Chandeliers

 

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Chandeliers

Published in the UK by Mitchell Beazley, in France (as 'Lustres') by Hachette, in the USA by Bulfinch

 

In the world of lighting, the chandelier is the crowning glory of any room. But in the world of contemporary lighting, with LEDs, halogen, and computer-controlled systems, do we still want chandeliers in our homes? In practical terms, perhaps we don't actually NEED them, but in decorative terms we most resoundingly do  WANT chandeliers to give our rooms the definitive statement of style and glamour.

The chandelier is in fashion once again, with a wide range of artists and creative craftspeople taking the form and reinventing it as a personal expression. Today's chandeliers are made of glass and metal, as before, but also from vintage kitchenalia, porcelain, frayed fabrics, fibre optics and countless other intriguing materials. Unusual materials are not entirely new - the chandelier made from human bones was not unknown in previous centuries. But the classic chandeliers of the past were made from iron, brass and. above all, glittering glass. Chandeliers explores and explains the fine forms taken by Chandeliers in the past as well as relishing the present and future.

If you are in doubt about how or where to hang a chandelier, how to care for it now and in the future, Chandeliers also explores these decorating and technical issues, providing the complete guide to this fabulous form of lighting.

 

Chapters in Chandeliers include:

  • Early Lighting
  • Brass Chandeliers
  • Venetian Glass
  • Eighteenth and Nineteenth Century Elegance
  • Enlightened Eccentrics
  • Modern Masterpieces
  • Decorating with Chandeliers
  • Caring for your Fitting
  • Technical Tips
  • Glossary

 

 

 

 

This spread sums up for me the range of contemporary chandeliers, from glass magnificence in the great Venetian tradition embodied in the amazing organic creations of Dale Chihuly (left), to the soft delicacy of Sharon Marston's sensual frayed fabric creations (right). Other masters of the modern chandelier are Ingo Maurer (his exploding broken china is one of my favourites) and Gino Sarfatti of the Milan-based lighting company Arteluce (his mid-19th century designs are still sold by Flos).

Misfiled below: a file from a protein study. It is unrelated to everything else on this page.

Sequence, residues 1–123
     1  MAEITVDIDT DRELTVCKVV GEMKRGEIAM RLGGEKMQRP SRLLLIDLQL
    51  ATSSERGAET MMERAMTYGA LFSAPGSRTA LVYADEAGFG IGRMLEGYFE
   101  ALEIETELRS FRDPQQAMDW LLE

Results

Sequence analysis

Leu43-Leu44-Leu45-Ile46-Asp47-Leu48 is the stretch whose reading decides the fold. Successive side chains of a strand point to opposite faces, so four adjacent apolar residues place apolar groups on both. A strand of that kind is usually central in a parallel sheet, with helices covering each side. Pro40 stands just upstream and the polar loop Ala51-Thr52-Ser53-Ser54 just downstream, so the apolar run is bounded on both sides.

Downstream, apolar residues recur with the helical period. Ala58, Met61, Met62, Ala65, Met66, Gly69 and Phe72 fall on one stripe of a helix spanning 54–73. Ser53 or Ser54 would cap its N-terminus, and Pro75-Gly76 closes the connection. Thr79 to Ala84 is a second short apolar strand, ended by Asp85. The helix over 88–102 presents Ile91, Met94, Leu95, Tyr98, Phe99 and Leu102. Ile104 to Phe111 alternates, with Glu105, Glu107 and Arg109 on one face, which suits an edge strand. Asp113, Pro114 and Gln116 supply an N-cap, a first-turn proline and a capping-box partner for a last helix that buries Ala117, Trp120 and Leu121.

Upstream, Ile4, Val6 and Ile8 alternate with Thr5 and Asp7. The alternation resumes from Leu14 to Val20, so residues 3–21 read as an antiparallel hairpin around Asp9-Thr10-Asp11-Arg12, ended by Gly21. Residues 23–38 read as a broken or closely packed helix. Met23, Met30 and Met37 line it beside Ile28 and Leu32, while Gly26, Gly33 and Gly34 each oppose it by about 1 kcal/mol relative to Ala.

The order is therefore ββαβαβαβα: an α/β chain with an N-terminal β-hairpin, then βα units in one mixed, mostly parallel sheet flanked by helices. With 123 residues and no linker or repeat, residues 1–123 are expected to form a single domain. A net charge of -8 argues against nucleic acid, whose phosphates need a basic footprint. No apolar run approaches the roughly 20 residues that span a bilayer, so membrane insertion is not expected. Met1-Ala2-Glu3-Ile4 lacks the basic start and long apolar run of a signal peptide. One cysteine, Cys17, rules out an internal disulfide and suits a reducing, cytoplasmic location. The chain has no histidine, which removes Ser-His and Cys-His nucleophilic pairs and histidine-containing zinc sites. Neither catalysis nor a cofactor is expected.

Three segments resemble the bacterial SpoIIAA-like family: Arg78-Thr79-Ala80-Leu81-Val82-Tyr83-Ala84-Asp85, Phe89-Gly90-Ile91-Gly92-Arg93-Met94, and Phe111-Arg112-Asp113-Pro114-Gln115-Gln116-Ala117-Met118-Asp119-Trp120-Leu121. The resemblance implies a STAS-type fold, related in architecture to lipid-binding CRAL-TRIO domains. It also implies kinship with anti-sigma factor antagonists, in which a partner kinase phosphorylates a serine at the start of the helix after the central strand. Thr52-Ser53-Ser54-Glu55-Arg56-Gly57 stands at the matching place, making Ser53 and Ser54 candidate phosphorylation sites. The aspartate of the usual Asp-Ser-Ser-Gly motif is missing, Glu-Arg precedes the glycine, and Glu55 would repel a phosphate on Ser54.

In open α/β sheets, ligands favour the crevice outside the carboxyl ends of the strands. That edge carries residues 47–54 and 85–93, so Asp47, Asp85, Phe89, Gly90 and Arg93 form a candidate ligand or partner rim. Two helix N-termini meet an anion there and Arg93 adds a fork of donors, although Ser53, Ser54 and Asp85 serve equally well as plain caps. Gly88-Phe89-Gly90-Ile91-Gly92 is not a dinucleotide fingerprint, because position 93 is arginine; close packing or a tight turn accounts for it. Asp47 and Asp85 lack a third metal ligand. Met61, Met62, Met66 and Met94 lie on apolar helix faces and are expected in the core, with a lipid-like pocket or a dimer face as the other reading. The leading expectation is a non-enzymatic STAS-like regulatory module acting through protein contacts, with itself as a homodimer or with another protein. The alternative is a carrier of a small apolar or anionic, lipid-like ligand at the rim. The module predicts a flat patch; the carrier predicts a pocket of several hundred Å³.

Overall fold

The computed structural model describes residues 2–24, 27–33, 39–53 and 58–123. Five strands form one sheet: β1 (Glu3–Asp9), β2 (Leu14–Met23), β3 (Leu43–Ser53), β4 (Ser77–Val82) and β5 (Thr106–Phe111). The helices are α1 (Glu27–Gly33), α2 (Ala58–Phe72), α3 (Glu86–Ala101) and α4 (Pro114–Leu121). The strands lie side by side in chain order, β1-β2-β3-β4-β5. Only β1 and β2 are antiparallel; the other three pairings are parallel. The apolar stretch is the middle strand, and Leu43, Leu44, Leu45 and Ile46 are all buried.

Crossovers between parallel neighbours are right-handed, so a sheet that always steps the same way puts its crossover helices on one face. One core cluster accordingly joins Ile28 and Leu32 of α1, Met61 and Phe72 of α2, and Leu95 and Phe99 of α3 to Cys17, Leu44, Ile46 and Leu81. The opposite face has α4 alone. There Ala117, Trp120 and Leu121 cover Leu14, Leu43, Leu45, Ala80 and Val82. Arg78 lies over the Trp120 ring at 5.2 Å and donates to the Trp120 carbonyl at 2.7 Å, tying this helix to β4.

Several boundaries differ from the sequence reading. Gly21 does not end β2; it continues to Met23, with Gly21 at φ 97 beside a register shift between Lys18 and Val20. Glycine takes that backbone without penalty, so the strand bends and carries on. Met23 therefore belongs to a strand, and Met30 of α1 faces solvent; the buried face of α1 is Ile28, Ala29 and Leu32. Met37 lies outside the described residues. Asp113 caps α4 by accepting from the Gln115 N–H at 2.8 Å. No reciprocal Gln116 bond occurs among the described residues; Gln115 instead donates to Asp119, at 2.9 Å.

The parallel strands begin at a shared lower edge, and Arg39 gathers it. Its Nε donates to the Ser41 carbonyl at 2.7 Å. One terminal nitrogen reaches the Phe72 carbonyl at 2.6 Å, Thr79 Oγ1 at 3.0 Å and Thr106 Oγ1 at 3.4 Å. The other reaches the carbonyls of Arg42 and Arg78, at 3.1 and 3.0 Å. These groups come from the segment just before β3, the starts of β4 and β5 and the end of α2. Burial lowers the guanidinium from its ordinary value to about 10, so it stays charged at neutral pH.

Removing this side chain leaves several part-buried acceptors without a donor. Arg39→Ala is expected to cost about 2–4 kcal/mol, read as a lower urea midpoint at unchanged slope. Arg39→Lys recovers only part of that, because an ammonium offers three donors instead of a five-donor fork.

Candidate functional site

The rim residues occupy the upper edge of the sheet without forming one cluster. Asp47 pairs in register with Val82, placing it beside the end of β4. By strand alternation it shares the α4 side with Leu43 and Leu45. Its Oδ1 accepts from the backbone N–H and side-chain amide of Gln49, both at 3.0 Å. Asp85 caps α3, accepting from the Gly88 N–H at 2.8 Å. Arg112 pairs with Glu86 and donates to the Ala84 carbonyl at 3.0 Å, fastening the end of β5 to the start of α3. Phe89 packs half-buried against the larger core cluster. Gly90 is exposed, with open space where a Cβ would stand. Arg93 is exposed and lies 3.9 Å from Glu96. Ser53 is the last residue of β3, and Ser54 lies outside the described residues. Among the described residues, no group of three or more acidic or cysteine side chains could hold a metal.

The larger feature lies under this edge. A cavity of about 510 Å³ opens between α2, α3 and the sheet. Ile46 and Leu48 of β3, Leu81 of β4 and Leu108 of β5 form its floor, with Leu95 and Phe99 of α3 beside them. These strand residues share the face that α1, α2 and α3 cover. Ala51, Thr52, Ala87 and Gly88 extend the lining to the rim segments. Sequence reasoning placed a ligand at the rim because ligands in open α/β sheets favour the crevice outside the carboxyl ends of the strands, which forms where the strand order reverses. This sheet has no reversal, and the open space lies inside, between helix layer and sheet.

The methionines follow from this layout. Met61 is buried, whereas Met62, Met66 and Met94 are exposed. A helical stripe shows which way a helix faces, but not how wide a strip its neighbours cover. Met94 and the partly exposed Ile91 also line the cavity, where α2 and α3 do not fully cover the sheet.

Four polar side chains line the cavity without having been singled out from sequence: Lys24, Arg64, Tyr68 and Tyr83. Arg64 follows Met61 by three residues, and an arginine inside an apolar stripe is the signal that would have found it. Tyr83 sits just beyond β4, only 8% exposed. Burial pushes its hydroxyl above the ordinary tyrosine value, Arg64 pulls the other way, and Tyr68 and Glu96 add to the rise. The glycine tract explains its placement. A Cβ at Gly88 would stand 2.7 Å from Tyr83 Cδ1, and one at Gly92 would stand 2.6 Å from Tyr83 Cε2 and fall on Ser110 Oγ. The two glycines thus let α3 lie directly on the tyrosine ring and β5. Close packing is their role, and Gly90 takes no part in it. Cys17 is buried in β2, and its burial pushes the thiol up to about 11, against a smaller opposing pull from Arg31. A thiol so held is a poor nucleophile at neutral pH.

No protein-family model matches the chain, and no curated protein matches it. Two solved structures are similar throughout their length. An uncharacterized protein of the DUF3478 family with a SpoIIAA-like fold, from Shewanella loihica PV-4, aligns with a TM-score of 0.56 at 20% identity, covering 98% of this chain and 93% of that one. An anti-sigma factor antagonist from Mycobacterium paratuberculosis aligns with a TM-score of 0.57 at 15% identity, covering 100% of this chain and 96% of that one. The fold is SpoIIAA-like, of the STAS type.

This was a fascinating book to research and write because the range of chandeliers is so huge, from very early examples through to the latest technology. One of the most interesting recent advances is in the flickering-light technology offered by Kevin McCloud's company (developed by his father, I believe). This uses sensors to detect the same movement of air that would cause a candle to flicker and reproduces this movement of light using tiny bulbs in faux candles. Ideal for recreating the romance of candle-light without any of the bother and mess of using real candles, and perfect in historic buildings where fire and safety issues are paramount.

My aim in writing this book was certainly to provide an overview of the history of this beautiful lighting device, bringing it to life with details and anecdotes, but also to enthuse my readers about the modern possibilities of the chandelier. It seems entirely appropriate that the chandelier has experienced such a resurgence of interest lately - long may it last!